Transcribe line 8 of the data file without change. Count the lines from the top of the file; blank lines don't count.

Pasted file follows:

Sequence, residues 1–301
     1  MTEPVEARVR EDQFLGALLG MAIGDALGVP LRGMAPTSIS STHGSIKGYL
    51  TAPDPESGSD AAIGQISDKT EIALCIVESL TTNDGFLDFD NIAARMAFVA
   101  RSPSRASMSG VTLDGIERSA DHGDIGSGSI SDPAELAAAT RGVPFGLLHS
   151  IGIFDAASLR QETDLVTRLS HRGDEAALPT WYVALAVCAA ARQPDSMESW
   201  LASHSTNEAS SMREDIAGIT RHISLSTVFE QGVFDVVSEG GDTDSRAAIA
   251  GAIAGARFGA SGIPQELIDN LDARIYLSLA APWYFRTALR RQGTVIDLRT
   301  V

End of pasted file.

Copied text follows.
   301  V